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FTC Strengthens Online Privacy Laws for Children
December 19, 2012

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New rules from the Federal Trade Commission make it more difficult for Facebook, Twitter, Google, and other online entities to gain personal information about children.

The rules, a major revision to the 1998 Children Online Privacy Protection Act (COPPA), require a parent's permission before children under 13 can release such things as photographs, videos, and geolocation can be released to social media and other mobile and online receptors. The requirement extends to IP addresses and mobile device ID numbers as well.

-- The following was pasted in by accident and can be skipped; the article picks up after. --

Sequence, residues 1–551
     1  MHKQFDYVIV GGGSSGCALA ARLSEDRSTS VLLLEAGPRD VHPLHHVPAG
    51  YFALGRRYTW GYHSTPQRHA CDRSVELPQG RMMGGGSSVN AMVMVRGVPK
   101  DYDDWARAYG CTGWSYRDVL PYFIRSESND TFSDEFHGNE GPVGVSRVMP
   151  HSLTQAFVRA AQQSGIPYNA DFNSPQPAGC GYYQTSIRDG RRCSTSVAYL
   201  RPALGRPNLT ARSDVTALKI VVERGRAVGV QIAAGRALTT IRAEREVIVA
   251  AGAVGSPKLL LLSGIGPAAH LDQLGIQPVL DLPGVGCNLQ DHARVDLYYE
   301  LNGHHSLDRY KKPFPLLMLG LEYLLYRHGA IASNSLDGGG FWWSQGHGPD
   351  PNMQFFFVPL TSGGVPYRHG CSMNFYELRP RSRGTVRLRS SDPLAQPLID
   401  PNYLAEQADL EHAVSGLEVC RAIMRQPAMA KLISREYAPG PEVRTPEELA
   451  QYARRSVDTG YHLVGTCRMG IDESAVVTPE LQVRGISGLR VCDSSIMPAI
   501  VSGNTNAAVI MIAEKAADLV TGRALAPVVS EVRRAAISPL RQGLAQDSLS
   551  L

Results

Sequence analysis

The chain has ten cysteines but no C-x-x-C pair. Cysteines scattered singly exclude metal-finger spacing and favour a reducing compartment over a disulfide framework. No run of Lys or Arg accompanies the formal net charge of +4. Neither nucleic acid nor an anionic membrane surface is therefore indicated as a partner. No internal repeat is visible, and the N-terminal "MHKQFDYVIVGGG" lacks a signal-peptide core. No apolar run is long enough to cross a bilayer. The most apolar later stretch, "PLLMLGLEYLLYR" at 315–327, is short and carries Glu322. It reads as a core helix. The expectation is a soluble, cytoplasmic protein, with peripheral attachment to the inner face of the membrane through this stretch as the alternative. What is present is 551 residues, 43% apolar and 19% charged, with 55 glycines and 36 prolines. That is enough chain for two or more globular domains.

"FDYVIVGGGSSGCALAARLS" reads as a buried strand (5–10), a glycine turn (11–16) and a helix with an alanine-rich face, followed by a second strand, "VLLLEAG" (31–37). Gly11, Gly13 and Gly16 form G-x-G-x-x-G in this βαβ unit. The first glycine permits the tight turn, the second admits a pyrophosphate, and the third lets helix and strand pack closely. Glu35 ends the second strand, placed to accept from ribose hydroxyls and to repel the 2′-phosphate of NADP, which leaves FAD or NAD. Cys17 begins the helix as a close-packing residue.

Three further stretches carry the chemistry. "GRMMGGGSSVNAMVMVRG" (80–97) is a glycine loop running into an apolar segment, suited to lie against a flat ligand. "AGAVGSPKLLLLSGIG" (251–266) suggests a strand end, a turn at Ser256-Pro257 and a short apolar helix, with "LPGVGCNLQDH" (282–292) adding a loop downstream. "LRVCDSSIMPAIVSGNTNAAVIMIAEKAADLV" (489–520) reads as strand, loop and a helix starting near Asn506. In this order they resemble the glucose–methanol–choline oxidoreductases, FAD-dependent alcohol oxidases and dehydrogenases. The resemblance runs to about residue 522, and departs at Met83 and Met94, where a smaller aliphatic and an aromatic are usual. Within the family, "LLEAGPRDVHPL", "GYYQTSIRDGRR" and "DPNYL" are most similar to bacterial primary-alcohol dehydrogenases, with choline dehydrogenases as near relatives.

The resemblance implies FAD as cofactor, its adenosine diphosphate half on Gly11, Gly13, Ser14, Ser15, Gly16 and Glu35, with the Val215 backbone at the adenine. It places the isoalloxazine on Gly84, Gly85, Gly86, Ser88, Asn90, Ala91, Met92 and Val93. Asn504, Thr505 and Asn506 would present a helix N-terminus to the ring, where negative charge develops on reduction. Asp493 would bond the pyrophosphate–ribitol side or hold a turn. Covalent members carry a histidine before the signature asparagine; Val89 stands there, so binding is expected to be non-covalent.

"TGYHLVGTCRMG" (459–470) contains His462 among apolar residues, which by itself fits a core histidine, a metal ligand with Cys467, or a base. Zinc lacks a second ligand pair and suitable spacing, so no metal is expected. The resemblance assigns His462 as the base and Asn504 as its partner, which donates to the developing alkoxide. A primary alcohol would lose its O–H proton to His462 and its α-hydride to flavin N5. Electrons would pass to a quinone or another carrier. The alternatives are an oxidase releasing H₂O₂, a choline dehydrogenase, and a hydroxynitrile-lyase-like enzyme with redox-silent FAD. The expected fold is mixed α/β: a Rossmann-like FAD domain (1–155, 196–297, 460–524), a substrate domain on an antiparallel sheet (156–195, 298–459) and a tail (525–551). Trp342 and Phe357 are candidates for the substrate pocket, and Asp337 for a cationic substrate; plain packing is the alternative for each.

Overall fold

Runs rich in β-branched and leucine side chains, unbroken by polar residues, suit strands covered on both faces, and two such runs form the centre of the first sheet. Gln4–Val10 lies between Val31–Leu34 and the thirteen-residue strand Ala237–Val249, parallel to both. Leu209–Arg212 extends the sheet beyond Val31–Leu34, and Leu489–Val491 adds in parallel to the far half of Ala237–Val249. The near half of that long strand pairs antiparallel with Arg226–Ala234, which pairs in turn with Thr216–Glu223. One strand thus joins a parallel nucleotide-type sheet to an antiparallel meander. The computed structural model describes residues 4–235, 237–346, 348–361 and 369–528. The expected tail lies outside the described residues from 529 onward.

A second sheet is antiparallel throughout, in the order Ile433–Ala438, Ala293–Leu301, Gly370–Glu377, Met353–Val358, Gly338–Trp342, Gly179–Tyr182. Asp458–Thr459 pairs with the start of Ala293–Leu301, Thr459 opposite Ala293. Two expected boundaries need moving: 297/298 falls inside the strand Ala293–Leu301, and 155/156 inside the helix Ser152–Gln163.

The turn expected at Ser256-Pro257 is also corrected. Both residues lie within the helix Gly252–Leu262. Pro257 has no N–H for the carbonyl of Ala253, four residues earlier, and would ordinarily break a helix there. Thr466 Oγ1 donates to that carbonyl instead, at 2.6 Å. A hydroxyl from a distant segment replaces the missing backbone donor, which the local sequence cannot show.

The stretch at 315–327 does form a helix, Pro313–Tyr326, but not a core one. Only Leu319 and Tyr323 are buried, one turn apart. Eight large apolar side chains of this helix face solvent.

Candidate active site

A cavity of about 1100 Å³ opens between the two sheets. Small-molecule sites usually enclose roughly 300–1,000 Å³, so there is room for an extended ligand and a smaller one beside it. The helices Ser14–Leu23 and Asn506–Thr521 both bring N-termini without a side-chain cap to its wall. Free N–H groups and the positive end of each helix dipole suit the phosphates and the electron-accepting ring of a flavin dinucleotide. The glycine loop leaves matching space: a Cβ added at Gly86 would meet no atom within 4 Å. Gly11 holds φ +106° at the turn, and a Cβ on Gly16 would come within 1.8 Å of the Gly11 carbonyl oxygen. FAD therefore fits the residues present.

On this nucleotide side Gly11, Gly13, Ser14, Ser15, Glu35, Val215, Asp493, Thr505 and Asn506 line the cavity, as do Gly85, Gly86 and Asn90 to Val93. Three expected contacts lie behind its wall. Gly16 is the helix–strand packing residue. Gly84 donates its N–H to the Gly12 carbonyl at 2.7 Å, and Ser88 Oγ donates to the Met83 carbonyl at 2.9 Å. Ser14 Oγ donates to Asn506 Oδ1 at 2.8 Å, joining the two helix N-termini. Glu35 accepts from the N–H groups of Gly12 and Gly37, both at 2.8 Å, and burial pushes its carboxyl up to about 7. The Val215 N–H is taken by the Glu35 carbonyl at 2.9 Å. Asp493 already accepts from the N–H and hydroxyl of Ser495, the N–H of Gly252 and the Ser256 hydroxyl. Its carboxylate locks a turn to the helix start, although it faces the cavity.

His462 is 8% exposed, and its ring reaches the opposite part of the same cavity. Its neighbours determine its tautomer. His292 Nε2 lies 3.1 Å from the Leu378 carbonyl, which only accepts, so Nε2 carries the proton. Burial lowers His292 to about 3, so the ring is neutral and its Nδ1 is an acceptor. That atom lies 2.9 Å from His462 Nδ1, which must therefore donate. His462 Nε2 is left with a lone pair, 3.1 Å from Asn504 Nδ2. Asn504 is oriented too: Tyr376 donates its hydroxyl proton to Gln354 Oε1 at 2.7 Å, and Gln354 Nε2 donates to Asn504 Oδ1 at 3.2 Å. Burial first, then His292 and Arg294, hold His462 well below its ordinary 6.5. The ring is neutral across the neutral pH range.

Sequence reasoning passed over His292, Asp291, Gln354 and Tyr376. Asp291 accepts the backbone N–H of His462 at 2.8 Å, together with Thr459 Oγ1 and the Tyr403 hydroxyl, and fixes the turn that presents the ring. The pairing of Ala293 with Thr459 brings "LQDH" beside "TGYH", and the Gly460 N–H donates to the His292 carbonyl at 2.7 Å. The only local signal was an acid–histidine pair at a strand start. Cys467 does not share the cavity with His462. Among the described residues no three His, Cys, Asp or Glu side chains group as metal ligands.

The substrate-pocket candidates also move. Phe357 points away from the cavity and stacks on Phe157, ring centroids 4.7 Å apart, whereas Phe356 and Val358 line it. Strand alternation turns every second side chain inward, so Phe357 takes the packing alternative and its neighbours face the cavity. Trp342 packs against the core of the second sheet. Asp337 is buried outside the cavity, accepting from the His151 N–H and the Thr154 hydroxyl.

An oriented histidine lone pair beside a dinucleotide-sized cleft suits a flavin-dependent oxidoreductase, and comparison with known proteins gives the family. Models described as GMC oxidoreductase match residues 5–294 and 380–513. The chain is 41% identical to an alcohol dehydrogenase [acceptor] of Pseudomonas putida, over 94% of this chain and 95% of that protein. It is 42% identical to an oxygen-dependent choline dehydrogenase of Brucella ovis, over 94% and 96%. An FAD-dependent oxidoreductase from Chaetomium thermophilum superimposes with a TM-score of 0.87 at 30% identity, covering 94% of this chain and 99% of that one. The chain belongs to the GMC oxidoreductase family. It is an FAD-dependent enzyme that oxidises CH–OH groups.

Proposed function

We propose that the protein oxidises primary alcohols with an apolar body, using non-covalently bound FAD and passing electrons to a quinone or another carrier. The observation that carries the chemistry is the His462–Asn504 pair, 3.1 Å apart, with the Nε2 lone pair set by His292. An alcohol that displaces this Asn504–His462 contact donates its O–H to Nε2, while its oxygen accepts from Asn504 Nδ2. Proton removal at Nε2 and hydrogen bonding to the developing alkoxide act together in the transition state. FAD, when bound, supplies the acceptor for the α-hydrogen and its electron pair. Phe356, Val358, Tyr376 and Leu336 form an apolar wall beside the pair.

One focus of the new rules is closing a loophole that had allowed third-party providers, notably online advertisers, gain personal information without permission or either child or parent.

The rules augment existing parental consent methods to include electronic scans of signed consent forms and videoconferencing options for giving verbal consent.

Facebook, Google, and even Disney and makers of educational apps for mobile phones have been in opposition to such rules in the past.

Under the new rules, online companies must also maintain ownership of children's personal information only as long as necessary and also release that information only to known sources of security.

The new rules take effect July 1, 2013.

 

 

 

 

 

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